Employees must interact with many systems in a typical day. How productive is the maintenance electrician who uses one system for work management, one for ordering parts and yet another for reporting his or her time at the end of a shift? Think of the time wasted navigating three distinct systems with different user interfaces, and the duplication of data that unavoidably occurs. How much more efficient would it be if the electrician were able to use one system that supported all of his or her work requirements? A logical grouping of systems clearly enables all workers to leverage information technology to be more efficient and effective.

Today, using modern, standards-based technologies like SOAs, utilities can eliminate the counterproductive mix of disparate commercial and “home-grown” systems. Automated processes can be delivered as Web services, allowing asset and service management to be included in the enterprise application portfolio, joining the ranks of human resource (HR), finance and other business-critical applications.

But although system consolidation in general is a good thing, there is a “tipping point” where consolidating simply for the sake of consolidation no longer provides a meaningful return and can actually erode savings and productivity gains. A system consolidation strategy should center on core competencies. For example, accountants or doctors are both skilled service professionals. But their similarity on that high level doesn’t mean you would trade one for the other just to “consolidate” the bills you receive and the checks you have to write. You don’t want accountants reading your X-rays. The same is true for your systems’ needs. Your organization’s accounting or human resource software does not possess the unique capabilities to help you manage your mission-critical transmission and distribution, facilities, vehicle fleet or IT assets. Hence it is unwise to consolidate these mission-critical systems.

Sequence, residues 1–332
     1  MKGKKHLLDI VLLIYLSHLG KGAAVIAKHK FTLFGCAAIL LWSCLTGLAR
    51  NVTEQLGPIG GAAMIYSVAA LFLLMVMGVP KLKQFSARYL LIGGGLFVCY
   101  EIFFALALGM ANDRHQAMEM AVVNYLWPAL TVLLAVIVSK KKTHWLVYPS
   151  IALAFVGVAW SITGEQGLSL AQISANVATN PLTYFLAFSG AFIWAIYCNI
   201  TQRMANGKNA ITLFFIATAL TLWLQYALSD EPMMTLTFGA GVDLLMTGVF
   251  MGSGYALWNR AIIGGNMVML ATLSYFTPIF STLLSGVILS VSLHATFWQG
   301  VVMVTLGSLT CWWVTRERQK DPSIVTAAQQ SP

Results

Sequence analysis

System consolidation strategically aligned with business requirements offers huge opportunities for improving productivity and eliminating IT costs. It also improves an organization’s agility and reverses the historical drift toward stovepipe or niche systems by providing appropriate systems for critical roles and stakeholders within the organization.

IT SERVICE MANAGEMENT

IT Service Management (ITSM) is critical to helping utilities deal with aging assets, infrastructure and employees primarily because ITSM enables companies to surf the accelerating trend of asset management convergence instead of falling behind more nimble competitors. Used in combination with pragmatic BPM and system consolidation strategies, ITSM can help utilities exploit the opportunities that this trend presents.